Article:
The display is a collaboration between the Museum and Hadrian’s Wall Community Archaeology Project (WallCAP), working alongside creative studio NOVAK.
The seven altars feature animated videos projected directly onto the stone surface, giving visitors a sense of how colourful they were when made around 1900 years ago.
The animations also offer artistic interpretations of the altars and the gods associated with them.
For instance, the altar to Neptune, Roman god of freshwaters and rivers, was found in the River Tyne. It depicts a blue underwater scene filled with fish.
Dr Rob Collins, Senior Lecturer in Archaeology and WallCAP Project Manager, Newcastle University, said: “Roman altars are a great source for understanding the culture of the Roman Empire, but they can seem boring and uninteresting for people that do not know how to ‘read’ them.”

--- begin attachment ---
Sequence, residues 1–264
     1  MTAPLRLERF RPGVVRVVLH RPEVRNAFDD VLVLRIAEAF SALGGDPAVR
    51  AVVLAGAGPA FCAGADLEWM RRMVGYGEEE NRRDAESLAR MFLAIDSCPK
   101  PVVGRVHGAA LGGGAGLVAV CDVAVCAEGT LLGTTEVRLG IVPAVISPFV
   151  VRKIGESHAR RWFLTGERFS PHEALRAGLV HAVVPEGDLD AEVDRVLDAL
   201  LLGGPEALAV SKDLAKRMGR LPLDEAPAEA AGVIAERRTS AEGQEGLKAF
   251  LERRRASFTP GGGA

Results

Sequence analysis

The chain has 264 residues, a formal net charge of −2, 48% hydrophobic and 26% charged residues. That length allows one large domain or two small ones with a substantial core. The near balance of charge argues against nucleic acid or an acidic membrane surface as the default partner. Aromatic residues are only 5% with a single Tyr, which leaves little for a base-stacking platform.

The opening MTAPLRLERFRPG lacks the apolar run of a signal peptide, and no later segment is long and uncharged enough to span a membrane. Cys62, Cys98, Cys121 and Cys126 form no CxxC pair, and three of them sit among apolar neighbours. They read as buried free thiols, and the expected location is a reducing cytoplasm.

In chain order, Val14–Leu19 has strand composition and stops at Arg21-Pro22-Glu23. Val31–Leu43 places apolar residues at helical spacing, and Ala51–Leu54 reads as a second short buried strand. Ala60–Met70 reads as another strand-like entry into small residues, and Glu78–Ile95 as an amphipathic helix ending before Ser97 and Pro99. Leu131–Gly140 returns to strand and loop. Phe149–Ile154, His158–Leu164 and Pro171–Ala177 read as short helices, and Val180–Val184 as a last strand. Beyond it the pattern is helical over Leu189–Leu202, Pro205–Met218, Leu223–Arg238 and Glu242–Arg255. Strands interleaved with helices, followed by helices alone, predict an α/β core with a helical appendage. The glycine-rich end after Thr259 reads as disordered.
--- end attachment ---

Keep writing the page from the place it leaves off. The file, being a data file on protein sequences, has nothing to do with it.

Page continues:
Andrew Parkin, Keeper of Archaeology at the Great North Museum: Hancock, said: “We’re used to the look of sandstone altars and reliefs in museums but we forget that they were originally painted in bright colours.
"The paint has been lost over the centuries but researchers have found trace amounts of pigment using ultraviolet light and x-rays.
“These new projected animations really make the altars stand out and add greatly to the Hadrian’s Wall gallery in the museum.
"The team at NOVAK have done a fantastic job in creating the artwork.”
The Roman Britain in Colour display can be found in the Hadrian’s Wall gallery at the Great North Museum: Hancock.